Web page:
This technique is in fact more than a century old and produces a stereoscopic image, the type of single-perspective illusion familiar from 3-D movies. The bottom screen displays the same pattern of light and dark bands no matter the image on the top screen. But Lanman, graduate student Matthew Hirsch and professor Ramesh Raskar, who leads the Camera Culture group, reasoned that by tailoring the patterns displayed on the top and bottom screens to each other, they could filter the light emitted by the display in more sophisticated ways, creating an image that would change with varying perspectives. In a project they dubbed HR3D, they developed algorithms for generating the top and bottom patterns as well as a prototype display, which they presented at Siggraph Asia in 2010.

The problem is that, whereas a stereoscopic system such as a 3-D movie projector or the 3DS needs to display only two perspectives on a visual scene -- one for each eye -- the system the Media Lab researchers envisioned had to display hundreds of perspectives in order to accommodate a moving viewer. That was too much information to display at once, so for every frame of 3-D video, the HR3D screen in fact flickered 10 times, displaying slightly different patterns each time. With this approach, however, producing a convincing 3-D illusion would require displays with a 1,000-hertz refresh rate.

To get the refresh rate down to 360 hertz, the Tensor Display adds another LCD screen, which displays yet another pattern. That makes the problem of calculating the patterns exponentially more complex, however. In solving that problem, Raskar, Lanman and Hirsch were joined by Gordon Wetzstein, a new postdoc in the Camera Culture group.

The researchers' key insight was that, while some aspects of a scene change with the viewing angle, some do not. The pattern-calculating algorithms exploit this natural redundancy, reducing the amount of information that needs to be sent to the LCD screens and thus improving the resolution of the final image.

CT in reverse

As it turns out, the math behind the Tensor Display is similar to that behind computed tomography, or CT, an X-ray technique used to produce three-dimensional images of internal organs. In a CT scan, a sensor makes a slow circle around the subject, making a series of measurements of X-rays passing through the subject's body. Each measurement captures information about the composition of tissues at different distances from the sensor; finally, all the information is stitched together into a composite 3-D image.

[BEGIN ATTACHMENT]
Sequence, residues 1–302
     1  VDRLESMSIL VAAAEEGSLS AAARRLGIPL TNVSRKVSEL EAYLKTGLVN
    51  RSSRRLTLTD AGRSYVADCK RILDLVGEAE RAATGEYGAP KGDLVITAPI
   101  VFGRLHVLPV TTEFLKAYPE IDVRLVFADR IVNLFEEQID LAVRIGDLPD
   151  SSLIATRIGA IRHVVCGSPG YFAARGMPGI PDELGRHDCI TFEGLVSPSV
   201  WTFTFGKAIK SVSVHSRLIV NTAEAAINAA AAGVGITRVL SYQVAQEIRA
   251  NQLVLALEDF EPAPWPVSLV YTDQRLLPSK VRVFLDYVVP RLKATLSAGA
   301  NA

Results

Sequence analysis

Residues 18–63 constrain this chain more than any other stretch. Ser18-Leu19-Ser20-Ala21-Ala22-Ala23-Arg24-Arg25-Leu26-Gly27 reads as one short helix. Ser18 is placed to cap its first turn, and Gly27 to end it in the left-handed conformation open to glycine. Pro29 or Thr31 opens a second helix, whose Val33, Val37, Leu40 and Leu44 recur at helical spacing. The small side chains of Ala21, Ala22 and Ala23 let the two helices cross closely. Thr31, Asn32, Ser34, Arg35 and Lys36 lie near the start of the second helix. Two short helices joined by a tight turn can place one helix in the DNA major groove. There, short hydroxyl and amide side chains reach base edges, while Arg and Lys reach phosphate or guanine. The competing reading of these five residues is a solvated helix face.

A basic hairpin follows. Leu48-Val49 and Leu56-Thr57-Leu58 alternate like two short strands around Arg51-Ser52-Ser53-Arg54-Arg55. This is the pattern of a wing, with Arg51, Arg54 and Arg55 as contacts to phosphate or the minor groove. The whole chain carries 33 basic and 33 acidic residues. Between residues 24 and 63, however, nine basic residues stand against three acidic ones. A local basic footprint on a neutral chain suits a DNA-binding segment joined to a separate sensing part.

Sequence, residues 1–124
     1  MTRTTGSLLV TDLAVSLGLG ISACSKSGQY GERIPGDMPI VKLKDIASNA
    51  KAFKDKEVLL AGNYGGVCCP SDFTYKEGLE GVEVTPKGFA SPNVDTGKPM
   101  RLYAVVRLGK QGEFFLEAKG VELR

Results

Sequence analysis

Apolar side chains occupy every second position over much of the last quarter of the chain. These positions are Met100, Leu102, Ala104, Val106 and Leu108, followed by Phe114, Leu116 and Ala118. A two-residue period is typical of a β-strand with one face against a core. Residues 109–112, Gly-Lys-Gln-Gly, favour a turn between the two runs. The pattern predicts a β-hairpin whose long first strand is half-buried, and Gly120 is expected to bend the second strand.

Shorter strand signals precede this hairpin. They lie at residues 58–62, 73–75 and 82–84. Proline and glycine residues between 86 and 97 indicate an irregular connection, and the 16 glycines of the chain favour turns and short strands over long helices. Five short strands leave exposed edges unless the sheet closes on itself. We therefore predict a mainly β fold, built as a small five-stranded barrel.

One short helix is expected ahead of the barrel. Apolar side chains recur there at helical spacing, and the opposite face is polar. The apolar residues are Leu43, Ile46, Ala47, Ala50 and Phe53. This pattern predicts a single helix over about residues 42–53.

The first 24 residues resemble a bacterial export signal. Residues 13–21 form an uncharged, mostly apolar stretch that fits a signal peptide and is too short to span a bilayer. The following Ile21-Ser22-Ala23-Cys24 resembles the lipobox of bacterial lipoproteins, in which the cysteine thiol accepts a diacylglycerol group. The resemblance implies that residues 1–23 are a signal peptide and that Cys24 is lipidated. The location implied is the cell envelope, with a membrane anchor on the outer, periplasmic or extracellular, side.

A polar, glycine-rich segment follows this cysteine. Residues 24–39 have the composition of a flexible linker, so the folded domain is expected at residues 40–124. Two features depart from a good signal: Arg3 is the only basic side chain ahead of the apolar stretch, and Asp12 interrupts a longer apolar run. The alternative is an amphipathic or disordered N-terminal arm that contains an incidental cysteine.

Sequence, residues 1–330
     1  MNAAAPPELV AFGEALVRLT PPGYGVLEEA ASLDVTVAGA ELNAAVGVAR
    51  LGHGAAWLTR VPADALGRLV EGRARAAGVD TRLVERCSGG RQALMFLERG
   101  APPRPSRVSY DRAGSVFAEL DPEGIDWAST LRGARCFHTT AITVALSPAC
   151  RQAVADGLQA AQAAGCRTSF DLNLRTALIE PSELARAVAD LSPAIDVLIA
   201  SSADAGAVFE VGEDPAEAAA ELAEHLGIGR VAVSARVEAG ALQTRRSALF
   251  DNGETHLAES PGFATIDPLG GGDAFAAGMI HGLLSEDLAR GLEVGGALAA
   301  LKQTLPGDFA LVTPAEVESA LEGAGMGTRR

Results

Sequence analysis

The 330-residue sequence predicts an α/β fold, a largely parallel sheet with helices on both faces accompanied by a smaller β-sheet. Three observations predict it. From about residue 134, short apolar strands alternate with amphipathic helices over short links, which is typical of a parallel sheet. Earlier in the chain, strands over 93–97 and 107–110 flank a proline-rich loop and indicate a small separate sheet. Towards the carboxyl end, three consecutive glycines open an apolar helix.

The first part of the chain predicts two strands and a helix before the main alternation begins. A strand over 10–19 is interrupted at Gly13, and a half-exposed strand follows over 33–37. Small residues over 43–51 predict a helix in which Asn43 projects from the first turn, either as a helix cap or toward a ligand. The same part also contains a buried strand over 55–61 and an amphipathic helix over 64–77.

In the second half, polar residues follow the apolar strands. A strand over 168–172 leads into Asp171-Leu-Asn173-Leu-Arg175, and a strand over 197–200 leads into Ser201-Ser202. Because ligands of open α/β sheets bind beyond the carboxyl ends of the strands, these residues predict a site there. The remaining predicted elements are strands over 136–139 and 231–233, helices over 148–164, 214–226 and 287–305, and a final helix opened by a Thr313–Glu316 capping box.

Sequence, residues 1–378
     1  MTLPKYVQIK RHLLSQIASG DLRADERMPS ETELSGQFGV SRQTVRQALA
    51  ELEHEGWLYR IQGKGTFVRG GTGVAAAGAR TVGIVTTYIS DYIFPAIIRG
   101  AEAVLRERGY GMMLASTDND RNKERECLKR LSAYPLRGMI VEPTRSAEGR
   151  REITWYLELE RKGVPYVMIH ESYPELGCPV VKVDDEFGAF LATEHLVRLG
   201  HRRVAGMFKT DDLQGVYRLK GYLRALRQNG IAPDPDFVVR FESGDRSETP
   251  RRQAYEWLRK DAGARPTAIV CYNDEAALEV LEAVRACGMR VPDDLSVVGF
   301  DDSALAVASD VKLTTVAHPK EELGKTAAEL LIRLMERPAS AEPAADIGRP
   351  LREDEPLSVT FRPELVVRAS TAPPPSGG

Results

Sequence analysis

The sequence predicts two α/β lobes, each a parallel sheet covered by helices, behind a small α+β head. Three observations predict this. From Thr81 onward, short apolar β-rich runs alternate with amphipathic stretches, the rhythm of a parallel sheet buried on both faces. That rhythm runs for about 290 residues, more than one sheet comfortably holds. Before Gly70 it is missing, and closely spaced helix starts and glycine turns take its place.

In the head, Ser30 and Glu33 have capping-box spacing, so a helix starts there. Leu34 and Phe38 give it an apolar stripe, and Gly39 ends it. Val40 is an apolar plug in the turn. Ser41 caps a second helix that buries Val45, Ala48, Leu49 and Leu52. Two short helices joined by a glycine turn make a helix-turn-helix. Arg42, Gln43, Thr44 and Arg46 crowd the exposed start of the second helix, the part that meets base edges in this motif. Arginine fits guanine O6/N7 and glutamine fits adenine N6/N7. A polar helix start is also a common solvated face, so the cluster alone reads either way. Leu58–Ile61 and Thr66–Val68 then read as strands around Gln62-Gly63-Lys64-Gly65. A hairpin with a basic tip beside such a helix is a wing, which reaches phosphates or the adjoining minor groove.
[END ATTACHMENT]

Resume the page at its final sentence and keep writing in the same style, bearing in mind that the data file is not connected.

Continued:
"The way I like to think about it is, we're building a patient whose CT scan is the view," Lanman says.

At Siggraph, the Media Lab researchers will demonstrate a prototype Tensor Display that uses three LCD panels. They've also developed another prototype that uses only two panels, but between the panels they introduce a sheet of lenses that refract light left and right. The lenses were actually developed for stereoscopic display systems; an LCD panel beneath the lenses alternately displays one image intended for the left eye, which is diffracted to the left, and another for the right eye, which is diffracted to the right. The MIT display also takes advantage of the ability to project different patterns in different directions, but the chief purpose of the lenses is to widen the viewing angle of the display. With the three-panel version, the 3-D illusion is consistent within a viewing angle of 20 degrees, but with the refractive-lens version, the viewing angle expands to 50 degrees.

"The paper reveals how you would greatly improve the realism, and image depth, and physical simplicity of 3-D display systems, particularly those that don't require you to wear glasses," says Gregg Favalora, a principal at the engineering consultancy Optics for Hire and co-chair of the SPIE Stereoscopic Displays and Applications Conference. "It's only possible when you have these really good mathematicians and signal-processing people and optics experts all sitting in the same room."